Or just $10 here if you are willing to wait more that 6 weeks 

 

Edited by LeatherLegion

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Wow, with the price being that cheap, I'm willing to give this a try! I really need something so I can finish my project, and if I use Chrisash's tip, hopefully they will last a long time.

I would pay much more than that for a single one of Tandy's Pro Diamond Chisels! 

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I have several sets of those chisels from China. Once sharpened and polished they are the bees knees. Nary a prob with them. I think I got them for about an average of £5 per set of 4 - a 1, 2, 4 & 6 prong. 

I bought them to see if they suited me. My intention was if they suited what I wanted I could replace with 'better quality' ones but they've proved to be excellent and not needing replaced.

BTW, I punch through into a piece of scrap leather not any sort of board, if this makes any difference

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Honestly I'm a weaver fanboy. Weaver has wonderful chisels. They're priced good. Cheap enough to throw away when destroyed.. but honestly I don't use chisels that often today anymore with the laser cutter.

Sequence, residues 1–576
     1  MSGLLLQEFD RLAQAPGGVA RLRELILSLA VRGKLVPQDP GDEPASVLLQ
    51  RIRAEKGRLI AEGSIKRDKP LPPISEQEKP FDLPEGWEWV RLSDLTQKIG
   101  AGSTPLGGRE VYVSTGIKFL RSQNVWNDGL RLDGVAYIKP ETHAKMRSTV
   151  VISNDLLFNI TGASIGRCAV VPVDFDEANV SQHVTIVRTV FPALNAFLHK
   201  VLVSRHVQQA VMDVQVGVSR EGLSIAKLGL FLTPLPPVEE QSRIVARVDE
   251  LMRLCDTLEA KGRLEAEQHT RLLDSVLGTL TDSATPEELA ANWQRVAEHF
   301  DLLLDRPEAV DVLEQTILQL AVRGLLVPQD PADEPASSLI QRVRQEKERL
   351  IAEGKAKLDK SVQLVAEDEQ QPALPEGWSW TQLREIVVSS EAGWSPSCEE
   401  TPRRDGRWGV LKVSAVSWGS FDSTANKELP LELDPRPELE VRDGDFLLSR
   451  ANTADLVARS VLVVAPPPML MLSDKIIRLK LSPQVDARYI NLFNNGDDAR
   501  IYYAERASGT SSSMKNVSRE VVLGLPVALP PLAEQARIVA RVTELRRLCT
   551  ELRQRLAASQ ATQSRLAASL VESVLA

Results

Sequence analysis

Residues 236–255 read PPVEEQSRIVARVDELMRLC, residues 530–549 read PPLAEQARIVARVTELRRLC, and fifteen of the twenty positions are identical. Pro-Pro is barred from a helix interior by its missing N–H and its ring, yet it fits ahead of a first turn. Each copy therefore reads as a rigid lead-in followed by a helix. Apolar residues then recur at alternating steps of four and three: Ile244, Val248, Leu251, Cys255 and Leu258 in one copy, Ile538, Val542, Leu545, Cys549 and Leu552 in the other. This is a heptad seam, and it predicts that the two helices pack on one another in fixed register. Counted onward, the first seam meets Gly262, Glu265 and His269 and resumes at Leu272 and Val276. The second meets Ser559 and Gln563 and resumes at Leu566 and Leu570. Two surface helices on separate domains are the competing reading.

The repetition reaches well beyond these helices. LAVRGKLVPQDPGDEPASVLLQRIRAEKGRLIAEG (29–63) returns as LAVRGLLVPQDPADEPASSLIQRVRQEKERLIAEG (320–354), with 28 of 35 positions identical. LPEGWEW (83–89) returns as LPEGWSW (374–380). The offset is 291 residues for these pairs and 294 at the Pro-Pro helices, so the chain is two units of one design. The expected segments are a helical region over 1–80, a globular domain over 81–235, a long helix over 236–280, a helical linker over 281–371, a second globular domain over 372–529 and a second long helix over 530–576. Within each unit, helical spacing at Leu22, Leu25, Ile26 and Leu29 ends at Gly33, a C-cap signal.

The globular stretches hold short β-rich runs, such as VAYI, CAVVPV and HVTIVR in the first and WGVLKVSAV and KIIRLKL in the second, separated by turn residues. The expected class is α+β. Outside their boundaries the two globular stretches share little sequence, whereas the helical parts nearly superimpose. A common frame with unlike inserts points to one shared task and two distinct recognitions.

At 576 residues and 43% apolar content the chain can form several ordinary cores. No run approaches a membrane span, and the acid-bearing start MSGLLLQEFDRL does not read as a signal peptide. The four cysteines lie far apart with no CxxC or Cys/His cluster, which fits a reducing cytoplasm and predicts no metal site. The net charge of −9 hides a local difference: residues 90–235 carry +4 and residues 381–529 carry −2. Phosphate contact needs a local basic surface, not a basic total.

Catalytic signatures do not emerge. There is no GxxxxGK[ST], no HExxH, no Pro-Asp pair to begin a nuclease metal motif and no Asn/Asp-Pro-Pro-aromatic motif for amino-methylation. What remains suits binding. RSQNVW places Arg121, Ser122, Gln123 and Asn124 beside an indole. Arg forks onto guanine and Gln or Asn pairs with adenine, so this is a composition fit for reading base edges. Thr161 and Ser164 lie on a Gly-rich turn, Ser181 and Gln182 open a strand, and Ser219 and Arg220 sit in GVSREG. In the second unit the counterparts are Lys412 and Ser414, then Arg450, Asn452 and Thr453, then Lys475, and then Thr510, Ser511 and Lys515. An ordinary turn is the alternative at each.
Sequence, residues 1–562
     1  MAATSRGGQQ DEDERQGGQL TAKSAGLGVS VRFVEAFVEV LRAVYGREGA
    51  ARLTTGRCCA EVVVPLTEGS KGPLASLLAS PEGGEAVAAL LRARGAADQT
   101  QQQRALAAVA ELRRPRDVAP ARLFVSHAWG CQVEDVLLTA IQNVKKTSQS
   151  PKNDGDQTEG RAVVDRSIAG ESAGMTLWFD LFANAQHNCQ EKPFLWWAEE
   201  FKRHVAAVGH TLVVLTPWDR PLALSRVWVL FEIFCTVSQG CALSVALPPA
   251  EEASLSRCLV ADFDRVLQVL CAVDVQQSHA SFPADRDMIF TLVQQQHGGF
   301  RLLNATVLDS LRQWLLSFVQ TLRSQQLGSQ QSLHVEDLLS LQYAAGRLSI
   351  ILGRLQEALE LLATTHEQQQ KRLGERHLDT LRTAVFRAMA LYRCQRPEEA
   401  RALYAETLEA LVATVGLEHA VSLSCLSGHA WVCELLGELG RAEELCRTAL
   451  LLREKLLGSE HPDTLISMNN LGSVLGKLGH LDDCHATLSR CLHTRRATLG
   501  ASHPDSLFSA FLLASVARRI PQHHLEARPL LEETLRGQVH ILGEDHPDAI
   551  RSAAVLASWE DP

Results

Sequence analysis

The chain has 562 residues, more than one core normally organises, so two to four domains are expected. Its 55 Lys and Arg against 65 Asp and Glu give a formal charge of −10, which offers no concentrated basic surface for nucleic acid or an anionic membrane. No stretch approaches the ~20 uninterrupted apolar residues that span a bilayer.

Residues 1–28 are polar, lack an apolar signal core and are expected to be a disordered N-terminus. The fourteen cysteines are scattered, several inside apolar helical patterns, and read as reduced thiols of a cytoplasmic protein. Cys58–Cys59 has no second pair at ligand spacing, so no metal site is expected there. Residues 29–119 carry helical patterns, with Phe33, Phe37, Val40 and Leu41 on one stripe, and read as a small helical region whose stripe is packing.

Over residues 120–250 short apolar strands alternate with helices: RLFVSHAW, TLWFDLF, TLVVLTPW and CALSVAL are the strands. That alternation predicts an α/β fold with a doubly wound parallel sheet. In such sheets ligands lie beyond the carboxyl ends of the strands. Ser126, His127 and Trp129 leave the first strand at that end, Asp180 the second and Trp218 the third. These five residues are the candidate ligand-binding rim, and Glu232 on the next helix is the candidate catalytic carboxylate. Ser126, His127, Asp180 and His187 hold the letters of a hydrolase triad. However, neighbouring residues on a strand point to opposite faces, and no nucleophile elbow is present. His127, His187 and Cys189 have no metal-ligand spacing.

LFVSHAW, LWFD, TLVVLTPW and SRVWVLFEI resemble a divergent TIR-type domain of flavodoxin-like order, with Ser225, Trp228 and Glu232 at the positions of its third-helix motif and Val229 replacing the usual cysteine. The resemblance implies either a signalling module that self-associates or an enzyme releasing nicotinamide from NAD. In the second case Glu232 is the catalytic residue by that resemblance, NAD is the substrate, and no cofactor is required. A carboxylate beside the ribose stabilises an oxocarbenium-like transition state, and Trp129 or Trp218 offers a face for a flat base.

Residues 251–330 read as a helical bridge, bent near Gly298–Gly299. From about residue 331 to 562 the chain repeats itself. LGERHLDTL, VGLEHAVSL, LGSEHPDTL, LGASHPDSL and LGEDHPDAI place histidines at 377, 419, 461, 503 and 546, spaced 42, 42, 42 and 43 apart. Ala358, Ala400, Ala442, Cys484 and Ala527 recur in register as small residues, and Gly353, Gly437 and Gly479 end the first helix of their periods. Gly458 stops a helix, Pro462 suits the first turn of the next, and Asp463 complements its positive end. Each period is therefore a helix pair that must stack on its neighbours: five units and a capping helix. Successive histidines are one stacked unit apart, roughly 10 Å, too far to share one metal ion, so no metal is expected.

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27 minutes ago, Gulrok said:

Honestly I'm a weaver fanboy. Weaver has wonderful chisels. They're priced good. Cheap enough to throw away when destroyed.. but honestly I don't use chisels that often today anymore with the laser cutter. 

What size holes are you making with the laser cutter?  Are you only using black thread?  If not, how to you prevent the "char" from getting on lighter color thread?  What is it you are making using the laser cutter for your patterns?

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Chisels have arrived! The prongs are thinner than the Tandy black chisels, and therefore should be sharper/easier to punch through the leather! They also match the 8 stitch per inch width I need for this project.

Fred, how did you sharpen yours?  

Edited by Sheilajeanne

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12 hours ago, Sheilajeanne said:

Fred, how did you sharpen yours?  

Very carefully,  :lol:

I started with a smooth cut jewellers file, on each side and the angles of the tip of each prong. Then I progressed to a used * card & grit nail file. After this I used a slip of a broken 'India' stone from my sea-fishing days - that was used for sharpening the hooks. * used cos its very, very smooth, almost just polishes the prongs

BTW. I've been experimenting with this, as a punching block for stitching chisels only